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A friend asks: “Would it be bad form to point out the typos in my class materials?” My answer: Probably yes.

After I posted my grades for this term, I made a dumb typo in this celebratory meme, and a friend pointed out the error on social media. Another friend, who is just starting a new grad program, asked: Curious, would it be bad form to point out the typos in my class materials? I’d say that correcting an instructor’s proofreading errors is probably not the best way to start an…

‘Belonging Is Stronger Than Facts’: The Age of Misinformation

As much as we like to think of ourselves as rational beings who put truth-seeking above all else, we are social animals wired for survival. In times of perceived conflict or social change, we seek security in groups. And that makes us eager to consume information, true or not, that lets us see the world as a conflict putting our righteous ingroup against a nefarious outgroup. […] Framing everything as…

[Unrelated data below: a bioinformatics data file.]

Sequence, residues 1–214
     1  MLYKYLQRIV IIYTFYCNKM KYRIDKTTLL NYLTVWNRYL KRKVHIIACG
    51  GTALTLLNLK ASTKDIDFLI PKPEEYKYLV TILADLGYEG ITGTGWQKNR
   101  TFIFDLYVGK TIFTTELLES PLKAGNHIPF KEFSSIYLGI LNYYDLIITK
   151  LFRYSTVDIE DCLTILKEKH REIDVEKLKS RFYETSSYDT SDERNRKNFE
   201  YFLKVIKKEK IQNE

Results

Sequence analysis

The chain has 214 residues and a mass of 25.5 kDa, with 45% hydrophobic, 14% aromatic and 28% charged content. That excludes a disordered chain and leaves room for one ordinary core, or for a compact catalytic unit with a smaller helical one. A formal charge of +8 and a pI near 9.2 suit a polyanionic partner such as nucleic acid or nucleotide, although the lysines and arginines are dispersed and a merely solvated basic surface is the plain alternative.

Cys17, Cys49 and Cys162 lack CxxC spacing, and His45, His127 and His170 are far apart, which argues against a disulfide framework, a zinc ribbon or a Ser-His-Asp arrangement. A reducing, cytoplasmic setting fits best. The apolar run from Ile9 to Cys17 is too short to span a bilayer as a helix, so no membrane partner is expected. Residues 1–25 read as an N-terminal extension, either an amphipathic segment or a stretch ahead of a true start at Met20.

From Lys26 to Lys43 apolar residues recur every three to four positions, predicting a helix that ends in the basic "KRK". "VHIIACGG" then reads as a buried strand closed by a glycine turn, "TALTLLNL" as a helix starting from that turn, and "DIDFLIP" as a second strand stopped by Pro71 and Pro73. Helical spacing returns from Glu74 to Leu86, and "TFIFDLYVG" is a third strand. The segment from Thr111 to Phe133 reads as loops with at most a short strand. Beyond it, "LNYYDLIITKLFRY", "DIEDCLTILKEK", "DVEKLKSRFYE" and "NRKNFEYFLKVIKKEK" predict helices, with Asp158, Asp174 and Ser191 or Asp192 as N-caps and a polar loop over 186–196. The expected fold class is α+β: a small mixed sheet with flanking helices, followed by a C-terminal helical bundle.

Ice Cream and Sharks

Scene: writing classroom.   Me: (setting up a lesson about correlation vs causation) What would you say if I told you that ice cream attracts sharks?   Student: I’d say you’re an idiot.   Class: (chortles and gasps)   Student: (looks worried)   Me: Don’t worry, this is definitely the highlight of my teaching day. Please tell me *why* you’d call me an idiot.   (The student went on to…

Bottled Authors: the predigital dream of the audiobook

There was no way to preserve sounds before the nineteenth century. Speeches, songs, and soliloquies all vanished moments after leaving the lips. That situation changed in 1877, when Thomas Edison began working on a machine that could mechanically reproduce the human voice. Edison’s team successfully assembled a device on which Edison recorded “Mary Had a Little Lamb,” a nursery rhyme that would become the first words ever spoken by the phonograph.2 Depending on how you define the term, Edison’s inaugural recording of verse might be considered the world’s first audiobook.. –Matthew Rubery, Cabinet Magazine